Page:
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16.3: The Lagrangian density formulation for continuous systems

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    One spatial dimension

    In general the Lagrangian density can be a function of \(q, \nabla q, \frac{dq}{dt} , x, y, z\), and \(t\). It is of interest that Hamilton’s principle leads to a set of partial differential equations of motion, based on the Lagrangian density, that are analogous to the Lagrange equations of motion for discrete systems. When deriving the Lagrangian equations of motion in terms of the Lagrangian density using Hamilton’s principle, the notation is simplified if the system is limited to one spatial coordinate \(x\). In addition, it is convenient to use the compact notation where the spatial derivative is written \(q^{\prime} \equiv \frac{dq}{dx}\) and the time derivative is \(\dot{q} \equiv \frac{dq}{dt} \), and the one-dimensional Lagrangian density is assumed to be a function \(\mathfrak{L}(q, q^{\prime} , \dot{q}, x, t )\). The appearance of the derivative \(q^{\prime} \equiv \frac{dq}{dx}\) as an argument of the Lagrange density is a consequence of the continuous dependence of \(q\) on \(x\). In principle, higher-order derivatives could occur but they do not arise in most problems of physical interest.

    Assuming that the one spatial dimension is \(x\), then Hamilton’s principle of least action can be expressed in terms of the Lagrangian density as

    \[\delta S = \delta \int^{t_2}_{t_1} L(q, \dot{q},t )dt = \delta \int^{t_2}_{t_1} \int^{x_2}_{x_1} \mathfrak{L}(q, q^{\prime} , \dot{q}, x, t )dxdt \label{16.8}\]

    Following the same approach used in chapter \(5.2\), it is assumed that the stationary path for the action integral is described by the function \(q(x, t)\). Define a neighboring function using a parametric representation \(q(x, t; \epsilon )\) such that when \(\epsilon = 0\), the extremum function \(q = q(x, t)\) yields the stationary action integral \(S\).

    Assume that an infinitessimal fraction \(\epsilon\) of a neighboring function \(\eta (x, t)\) is added to the extremum path \(q(x, t)\). That is, assume

    \[q(x, t; \epsilon ) = q(x, t) + \epsilon \eta (x, t) \label{16.9}\]

    \[q^{\prime} (x, t; \epsilon ) \equiv \frac{dq(x, t; \epsilon ) }{dx} = \frac{dq(x, t)}{ dx} + \epsilon \frac{d\eta (x, t)}{ dx} = q^{\prime} (x, t) + \epsilon \eta^{\prime} (x, t) \label{16.10}\]

    \[\dot{q}(x, t; \epsilon ) \equiv \frac{dq(x, t; \epsilon ) }{dt} = \frac{dq(x, t) }{dt} + \epsilon \frac{ d\eta (x, t)}{ dt} = \dot{q}(x, t) + \epsilon \dot{\eta}(x, t) \label{16.11}\]

    where it is assumed that both the extremum function \(q(x, t)\) and the auxiliary function \(\eta (x, t)\) are well behaved functions of \(x\) and \(t\), with continuous first derivatives, and that \(\eta (x, t)=0\) at \((x_1, t_1)\) and \((x_2, t_2)\) because, for all possible paths, the function \(q(x, t; \epsilon )\) must be identical with \(q(x, t)\) at the end points of the path, i.e. \(\eta (x_1, t_1) = \eta (x_2, t_2)=0\).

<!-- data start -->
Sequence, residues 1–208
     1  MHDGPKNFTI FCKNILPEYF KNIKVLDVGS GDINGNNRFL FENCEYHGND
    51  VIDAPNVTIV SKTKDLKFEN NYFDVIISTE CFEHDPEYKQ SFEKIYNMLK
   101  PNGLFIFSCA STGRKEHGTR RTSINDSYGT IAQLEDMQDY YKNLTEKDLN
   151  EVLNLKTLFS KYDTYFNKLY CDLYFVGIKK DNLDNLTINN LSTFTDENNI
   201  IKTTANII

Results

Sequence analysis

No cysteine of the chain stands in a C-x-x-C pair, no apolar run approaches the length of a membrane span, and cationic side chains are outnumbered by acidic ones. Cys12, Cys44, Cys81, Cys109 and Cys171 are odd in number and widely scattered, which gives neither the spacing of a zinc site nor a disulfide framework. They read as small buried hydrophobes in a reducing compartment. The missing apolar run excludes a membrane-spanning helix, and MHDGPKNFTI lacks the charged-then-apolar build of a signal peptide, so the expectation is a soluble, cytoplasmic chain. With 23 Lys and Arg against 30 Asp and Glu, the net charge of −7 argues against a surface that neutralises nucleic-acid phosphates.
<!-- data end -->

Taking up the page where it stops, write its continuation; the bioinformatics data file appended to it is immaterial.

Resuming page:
A parametric family of curves \(S(\epsilon )\), as a function of the admixture coefficient \(\epsilon \), is described by the function

    \[S(\epsilon ) = \int^{t_2}_{t_1} \int^{x_2}_{x_1} \mathfrak{L}(q(x, t; \epsilon ), q^{\prime} (x, t; \epsilon ), \dot{q}(x, t; \epsilon ), x, t)dxdt \label{16.12}\]

    Then Hamilton’s principle requires that the action integral be a stationary function value for \(\epsilon = 0\), that is, \(S(\epsilon )\) is independent of \(\epsilon\) which is satisfied if

    \[\frac{\partial S(\epsilon ) }{\partial \epsilon} = \int^{t_2}_{t_1} \int^{x_2}_{x_1}\left( \frac{\partial \mathfrak{L}}{\partial q} \frac{\partial q }{\partial \epsilon } + \frac{\partial \mathfrak{L}}{\partial \dot{q} } \frac{\partial \dot{q} }{\partial \epsilon} + \frac{\partial \mathfrak{L}}{\partial q^{\prime}} \frac{\partial q^{\prime}}{ \partial \epsilon} \right) dxdt = 0 \label{16.13}\]

    Equations \ref{16.9}, \ref{16.10},and \ref{16.11} give the partial differentials

    \[\frac{\partial q}{ \partial \epsilon} = \eta (x, t) \label{16.14}\]

    \[\frac{\partial q^{\prime}}{ \partial \epsilon} = \eta^{\prime} (x, t) \label{16.15}\]

    \[\frac{\partial \dot{q} }{\partial \epsilon} = \dot{\eta}(x, t) \label{16.16}\]

    Integration by parts in both the \(x\) and \(t\) terms in Equation \ref{16.13}, plus using the fact that \(\eta (x_1, t_1) = \eta (x_2, t_2)=0\) at both end points, yields

    \[\int^{t_2}_{t_1} \frac{\partial \mathfrak{L}}{\partial \dot{q}} \frac{\partial \dot{q} }{\partial \epsilon} dt = − \int^{t_2}_{t_1} \frac{\partial}{\partial t }\left( \frac{\partial \mathfrak{L}}{\partial \dot{q} } \right) \frac{\partial q }{\partial \epsilon} dt \label{16.17}\]

    \[\int^{x_2}_{x_1} \frac{\partial \mathfrak{L}}{\partial q^{\prime} } \frac{\partial q^{\prime}}{ \partial \epsilon } dx = − \int^{x_2}_{x_1} \frac{\partial}{\partial x}\left( \frac{\partial \mathfrak{L}}{\partial q^{\prime} } \right) \frac{\partial q}{ \partial \epsilon} dx \label{16.18}\]